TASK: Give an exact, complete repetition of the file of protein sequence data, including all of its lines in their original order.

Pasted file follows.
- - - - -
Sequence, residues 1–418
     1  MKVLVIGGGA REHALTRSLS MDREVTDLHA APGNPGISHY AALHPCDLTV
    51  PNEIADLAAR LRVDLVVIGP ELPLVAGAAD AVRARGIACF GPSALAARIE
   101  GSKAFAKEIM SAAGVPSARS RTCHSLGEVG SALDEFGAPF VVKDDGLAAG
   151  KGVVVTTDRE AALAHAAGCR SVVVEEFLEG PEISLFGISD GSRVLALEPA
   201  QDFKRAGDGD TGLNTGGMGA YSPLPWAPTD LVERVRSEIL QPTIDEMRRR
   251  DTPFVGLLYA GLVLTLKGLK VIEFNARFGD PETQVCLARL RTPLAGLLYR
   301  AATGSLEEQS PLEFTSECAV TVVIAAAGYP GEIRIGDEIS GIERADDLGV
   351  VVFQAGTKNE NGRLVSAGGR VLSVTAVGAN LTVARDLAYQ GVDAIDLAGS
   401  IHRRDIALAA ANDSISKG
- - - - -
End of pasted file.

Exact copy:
Sequence, residues 1–418
     1  MKVLVIGGGA REHALTRSLS MDREVTDLHA APGNPGISHY AALHPCDLTV
    51  PNEIADLAAR LRVDLVVIGP ELPLVAGAAD AVRARGIACF GPSALAARIE
   101  GSKAFAKEIM SAAGVPSARS RTCHSLGEVG SALDEFGAPF VVKDDGLAAG
   151  KGVVVTTDRE AALAHAAGCR SVVVEEFLEG PEISLFGISD GSRVLALEPA
   201  QDFKRAGDGD TGLNTGGMGA YSPLPWAPTD LVERVRSEIL QPTIDEMRRR
   251  DTPFVGLLYA GLVLTLKGLK VIEFNARFGD PETQVCLARL RTPLAGLLYR
   301  AATGSLEEQS PLEFTSECAV TVVIAAAGYP GEIRIGDEIS GIERADDLGV
   351  VVFQAGTKNE NGRLVSAGGR VLSVTAVGAN LTVARDLAYQ GVDAIDLAGS
   401  IHRRDIALAA ANDSISKG